A New Mission for Panasonic Hollywood Lab6 Feb, 2015 By: Chris Tribbey
LOS ANGELES — Panasonic held an open house Feb. 5 at its Hollywood Lab to show off, among other products, a new line of Ultra-High-Def 4K TVs — and reaffirm its commitment to both the consumer electronics category, and Hollywood.
Panasonic Hollywood Lab (PHL) may have officially launched in 2001, but its origins — and the company’s relationship with the Hollywood production technology community — can be traced to Universal Studios all the way back to 1993.
That’s when and where Panasonic launched the High-Definition Television Center (HDTC), with the company helping to standardize film scanning for high-def TV … when everything was still analog.
Since then Panasonic’s (and the PHL’s) mission with its Hollywood relationships has always been to deliver theatrical product to the home. From DVD to Blu-ray Disc to 3D Blu-ray to today’s development of an Ultra-High-Def (UHD) Blu-ray Disc, it’s been about what’s next for the living room screen.
The point of PHL has always been to work across the entertainment ecosystem and get everyone on the same page, whether the problem at hand surrounds capture, professional display, consumer display, transmission or distribution.
“Everybody is working toward the same commitment to excellence. It brings the divisions together collaboratively,” said Ron Martin, director of PHL. “It makes the development process dynamic and really wonderful.”
“That [home entertainment] mission is essentially complete,” Martin said Feb. 5 during an open house for PHL’s new facility, located just a few blocks from it’s old one at Universal. “And we keep asking ourselves: ‘Where do we go now?’”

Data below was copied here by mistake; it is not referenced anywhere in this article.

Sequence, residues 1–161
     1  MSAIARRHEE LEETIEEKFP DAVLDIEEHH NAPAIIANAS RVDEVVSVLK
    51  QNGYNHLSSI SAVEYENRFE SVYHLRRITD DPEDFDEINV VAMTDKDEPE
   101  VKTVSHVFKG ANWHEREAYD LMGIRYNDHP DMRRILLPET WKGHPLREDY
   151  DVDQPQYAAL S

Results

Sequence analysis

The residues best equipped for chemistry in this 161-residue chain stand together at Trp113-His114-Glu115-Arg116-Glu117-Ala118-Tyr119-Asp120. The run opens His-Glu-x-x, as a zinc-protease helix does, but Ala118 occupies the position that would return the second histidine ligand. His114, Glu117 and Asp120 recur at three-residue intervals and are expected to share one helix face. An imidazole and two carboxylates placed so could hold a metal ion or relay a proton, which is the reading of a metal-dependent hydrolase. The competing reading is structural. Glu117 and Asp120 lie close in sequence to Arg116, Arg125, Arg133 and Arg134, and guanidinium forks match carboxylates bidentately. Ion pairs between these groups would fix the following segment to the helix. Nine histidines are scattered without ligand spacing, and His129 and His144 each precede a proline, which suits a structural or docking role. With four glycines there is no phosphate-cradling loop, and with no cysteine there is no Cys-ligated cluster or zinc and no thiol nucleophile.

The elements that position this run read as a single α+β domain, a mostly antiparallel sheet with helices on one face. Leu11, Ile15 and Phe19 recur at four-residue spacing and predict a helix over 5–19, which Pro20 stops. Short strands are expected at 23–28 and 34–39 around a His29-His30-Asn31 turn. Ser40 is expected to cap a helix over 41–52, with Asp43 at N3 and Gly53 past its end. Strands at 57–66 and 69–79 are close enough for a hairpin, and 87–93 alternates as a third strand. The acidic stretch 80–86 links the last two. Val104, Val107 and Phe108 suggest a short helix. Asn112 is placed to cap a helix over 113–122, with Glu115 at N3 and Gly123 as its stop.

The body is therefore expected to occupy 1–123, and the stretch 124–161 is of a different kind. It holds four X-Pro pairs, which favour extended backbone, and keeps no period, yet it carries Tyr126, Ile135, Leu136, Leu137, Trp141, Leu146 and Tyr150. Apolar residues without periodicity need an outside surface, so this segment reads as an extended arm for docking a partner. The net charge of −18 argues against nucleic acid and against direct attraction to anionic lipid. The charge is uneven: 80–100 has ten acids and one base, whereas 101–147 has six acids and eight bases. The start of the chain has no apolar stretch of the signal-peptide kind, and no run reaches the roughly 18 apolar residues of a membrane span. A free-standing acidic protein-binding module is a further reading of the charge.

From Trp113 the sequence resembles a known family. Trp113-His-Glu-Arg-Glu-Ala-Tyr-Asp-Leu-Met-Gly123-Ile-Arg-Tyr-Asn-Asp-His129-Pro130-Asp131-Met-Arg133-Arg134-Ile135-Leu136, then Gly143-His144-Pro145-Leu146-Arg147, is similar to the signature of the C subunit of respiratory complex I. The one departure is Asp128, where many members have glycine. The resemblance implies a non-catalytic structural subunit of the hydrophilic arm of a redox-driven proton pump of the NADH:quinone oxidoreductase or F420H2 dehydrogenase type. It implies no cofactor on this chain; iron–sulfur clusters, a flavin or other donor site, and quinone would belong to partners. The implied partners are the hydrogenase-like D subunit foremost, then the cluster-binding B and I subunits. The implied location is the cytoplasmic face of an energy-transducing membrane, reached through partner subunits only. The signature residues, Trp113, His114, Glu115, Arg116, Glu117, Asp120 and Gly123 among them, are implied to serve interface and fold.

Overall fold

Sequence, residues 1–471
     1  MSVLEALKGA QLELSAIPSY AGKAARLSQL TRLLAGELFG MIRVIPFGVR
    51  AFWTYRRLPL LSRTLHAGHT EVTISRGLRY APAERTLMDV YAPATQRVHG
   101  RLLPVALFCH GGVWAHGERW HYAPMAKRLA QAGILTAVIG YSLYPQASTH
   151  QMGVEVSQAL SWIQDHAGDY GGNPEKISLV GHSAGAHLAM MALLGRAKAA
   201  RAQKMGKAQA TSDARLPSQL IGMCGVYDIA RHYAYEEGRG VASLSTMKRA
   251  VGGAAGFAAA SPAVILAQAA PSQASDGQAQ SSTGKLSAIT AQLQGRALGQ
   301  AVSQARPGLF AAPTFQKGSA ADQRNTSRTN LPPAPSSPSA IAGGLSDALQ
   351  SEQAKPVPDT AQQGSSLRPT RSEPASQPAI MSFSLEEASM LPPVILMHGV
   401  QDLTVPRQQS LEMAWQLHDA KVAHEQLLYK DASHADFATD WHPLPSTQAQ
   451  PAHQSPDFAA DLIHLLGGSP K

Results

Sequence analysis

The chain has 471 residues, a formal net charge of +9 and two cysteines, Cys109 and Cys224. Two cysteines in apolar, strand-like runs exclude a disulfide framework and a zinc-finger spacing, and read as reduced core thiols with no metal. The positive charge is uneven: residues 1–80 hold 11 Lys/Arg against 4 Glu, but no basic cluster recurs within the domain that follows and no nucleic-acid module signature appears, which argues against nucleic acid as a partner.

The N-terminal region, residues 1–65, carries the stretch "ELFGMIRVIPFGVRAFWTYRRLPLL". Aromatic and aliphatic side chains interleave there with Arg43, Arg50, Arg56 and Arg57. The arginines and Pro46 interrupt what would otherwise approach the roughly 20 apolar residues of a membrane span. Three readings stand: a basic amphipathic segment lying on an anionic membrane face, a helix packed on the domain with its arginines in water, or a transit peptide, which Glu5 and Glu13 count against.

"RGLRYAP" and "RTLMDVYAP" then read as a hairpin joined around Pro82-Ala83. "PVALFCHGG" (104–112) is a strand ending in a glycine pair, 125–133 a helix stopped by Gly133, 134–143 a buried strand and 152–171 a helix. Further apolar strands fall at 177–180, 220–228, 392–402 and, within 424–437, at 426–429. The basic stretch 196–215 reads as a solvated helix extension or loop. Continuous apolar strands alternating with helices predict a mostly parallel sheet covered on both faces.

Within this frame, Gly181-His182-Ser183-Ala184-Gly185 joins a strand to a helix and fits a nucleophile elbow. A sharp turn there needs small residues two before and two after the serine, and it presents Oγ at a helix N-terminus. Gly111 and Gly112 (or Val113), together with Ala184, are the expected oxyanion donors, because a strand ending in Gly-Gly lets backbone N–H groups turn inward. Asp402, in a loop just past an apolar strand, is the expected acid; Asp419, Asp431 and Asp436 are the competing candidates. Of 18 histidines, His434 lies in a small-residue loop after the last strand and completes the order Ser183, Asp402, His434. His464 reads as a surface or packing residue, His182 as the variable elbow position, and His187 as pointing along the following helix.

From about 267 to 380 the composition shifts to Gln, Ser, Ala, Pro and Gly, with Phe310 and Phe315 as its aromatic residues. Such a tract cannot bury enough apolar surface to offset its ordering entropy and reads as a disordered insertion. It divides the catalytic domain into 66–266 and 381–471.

Taking what it has learned with its work in home video standards within the production community, PHL now wants to “broaden it to the larger technologies of the media-driven society,” Martin said. “We want to branch out further in business-to-business relationships, many of which are driven by the Hollywood community. Into museums, arenas, public venues, themed-entertainment parks, there are so many [opportunities] in those areas that are imagining- and media-driven.”
So, at its open house event, Panasonic didn’t just show off its latest UHD sets: there was a prototype HDR (high-dynamic range) TV, a room dedicated to its 4K and 2K projectors, and another that showed off the company’s “SpacePlayer” projector technology, which projects 3D images using digital light processing (DLP) and a laser as the light source.
In short, PHL wants to expand its influence of where its innovations and technology are utilized: retail, concerts, theme parks, hospitals, classrooms, you name it.
“Essentially, we like to think of it as we’re sitting in the middle of all the divisions, divisions individually that have always had this commitment to a quality product,” Martin said. “What we want to do is get them all at the same table, and get them on the same quality standards.”